Wednesday, August 23, 2006

Entry #15

The Meek Inherit
by Aleah Sato

Kim and Jennifer continued to wait. They had spent the night waiting. Kim was patient; Jennifer, the youngest, was always anxious. This was just like Grandmother to leave them out here, Jennifer thought. She rifled through her knapsack for a brownie, ignoring Kim's gaze. Kim was a lot like Grandmother with those choking black eyes and that gaze.

"Kim…do you suppose Grandmother is leaving us out here to test us somehow?"

Kim sat there for a moment, still transfixed on her thoughts, and then replied.

"No."

From the horizon, a figure formed. Crickets and other nightlife cleared a path where the night had evaporated and Grandmother stood before them. Looking at Jennifer and Kim, she turned her head to see a white-tailed deer moving out of the wooded lot and heading up to Stony Creek.

"It’s about time! We nearly froze last night," shouted Jennifer.

"Be quiet, Jennifer," Kim said with seriousness. Her voice matched her gaze going back to Grandmother, who, after surveying her surroundings, finally spoke.

"I'm going to show you something you’re both old enough to see now. When I die, you must take care of this…”

Without saying anything more, Grandmother began digging her fingers into the ground, stopping every now and then to catch her breath and check on the girls who were silent. The only noise between the sounds of crippled fingers scraping dirt was the drops of water sliding off of leaves, sliding to the earth.


[Aleah Sato is a freelance writer and co-owner of Ricksticks Inc, a visual communications firm in Toronto. She is the author of the recently released Badlands, a collection of poems exploring the secrets women keep. Her work has appeared in Nthposition, Women Writers, Wicked Alice, Blue Fifth Review and Eclectica. She can be reached at aleah@ricksticks.com or through her blog, Jane Crow Journal.]

19 comments:

linda said...

250 words keeps you hanging and wanting more. We have Jason to blame for that.
Very interesting.

Bonnie Cehovet said...

I want to read more too! Definite "ancient voices" feel here!

Joni said...

Very nice! I love the feel of this. So many questions, though!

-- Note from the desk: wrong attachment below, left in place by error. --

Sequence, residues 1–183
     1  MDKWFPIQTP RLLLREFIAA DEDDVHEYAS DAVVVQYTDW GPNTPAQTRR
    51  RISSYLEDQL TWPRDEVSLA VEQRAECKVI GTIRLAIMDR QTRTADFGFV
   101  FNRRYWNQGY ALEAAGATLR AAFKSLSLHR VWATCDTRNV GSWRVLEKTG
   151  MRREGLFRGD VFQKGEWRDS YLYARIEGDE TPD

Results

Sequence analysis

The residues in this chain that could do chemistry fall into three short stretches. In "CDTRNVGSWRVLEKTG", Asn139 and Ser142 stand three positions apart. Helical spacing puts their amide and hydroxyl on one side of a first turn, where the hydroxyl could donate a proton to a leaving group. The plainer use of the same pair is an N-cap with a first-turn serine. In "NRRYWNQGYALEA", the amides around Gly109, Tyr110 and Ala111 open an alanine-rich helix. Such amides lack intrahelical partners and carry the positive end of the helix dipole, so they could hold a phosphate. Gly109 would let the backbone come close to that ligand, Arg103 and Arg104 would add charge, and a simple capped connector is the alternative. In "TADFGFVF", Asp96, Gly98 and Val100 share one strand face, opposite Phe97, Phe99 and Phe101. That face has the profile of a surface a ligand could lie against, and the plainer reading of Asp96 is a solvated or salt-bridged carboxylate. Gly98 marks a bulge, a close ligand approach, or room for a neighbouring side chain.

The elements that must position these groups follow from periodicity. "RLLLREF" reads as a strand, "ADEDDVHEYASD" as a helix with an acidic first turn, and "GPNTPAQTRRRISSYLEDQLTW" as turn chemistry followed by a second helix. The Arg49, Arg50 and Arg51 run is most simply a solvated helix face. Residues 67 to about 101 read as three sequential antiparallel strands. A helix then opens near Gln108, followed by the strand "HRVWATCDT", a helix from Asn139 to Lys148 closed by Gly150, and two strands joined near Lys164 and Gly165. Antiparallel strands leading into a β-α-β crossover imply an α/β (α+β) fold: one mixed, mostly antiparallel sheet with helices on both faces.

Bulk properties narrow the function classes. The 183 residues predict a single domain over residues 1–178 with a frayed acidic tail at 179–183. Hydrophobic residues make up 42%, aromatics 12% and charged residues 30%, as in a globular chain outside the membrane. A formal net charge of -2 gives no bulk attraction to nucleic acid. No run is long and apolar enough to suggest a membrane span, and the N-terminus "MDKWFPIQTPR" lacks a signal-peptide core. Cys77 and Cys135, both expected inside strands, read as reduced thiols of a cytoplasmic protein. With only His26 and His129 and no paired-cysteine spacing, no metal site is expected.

anne frasier said...

i loved this:

"Grandmother began digging her fingers into the ground, stopping every now and then to catch her breath and check on the girls who were silent. The only noise between the sounds of crippled fingers scraping dirt was the drops of water sliding off of leaves, sliding to the earth."

very nice!

robert rohloff said...

Aleah, can I have some more please! (with wide eyes, and bated breath)

Bernita said...

Frustrating hints.
Not enough.

Jim said...

What does a novel-length story crammed into 250 words look like? So much more story here that cries out to be told. Just enough to whet our appetites...

Flood said...

The title really helped me feel the message here.

aleah said...

Thanks for the comments everyone. Bernita, I am glad you feel frustrated - that's what I was going for (simpatico with Jennifer's frustration).

fringes said...

The title helped me to pull it together as well. I wonder what she was digging up. Hope it wasn't poor Grandfather.

September said...

You got me. What was she trying to show them? I liked this. I want more.

Scott said...

Ok, now I'm angry. I need to know what grandma is digging up!

anna said...

Goodness. I am in a state here trying to figure out what Grannie's digging up.
You sure set that hook!
good read

k lawson gilbert said...

It's unanimous...I want more, too.
Good writing. Interesting.

Bhaswati said...

Unanimous, no doubt. What happens next? Do tell!

Very absorbing read.

bekbek said...

I'm glad of the word limit. If you'd had more words, you would have got to the part where she pulls up the really big jar of kimchee, and then I would have been laughing too hard to read the other stories.

All of a sudden I'm hungry for something spicy...

But in all seriousness, this is really nice. There's an air of... practical mystery. I like it.

aleah said...

Bekbek,

Hah. Now I wish I had thought of that!

Thanks for the great feedback everyone. There are too many great shorts here. I am flattered that you took the time to comment on mine.

Cheers!

Nicholas Abbot said...

Excellent writing.

jason evans said...

The interraction of the girls rang true. I could feel the dirt in my hands. Good marks overall.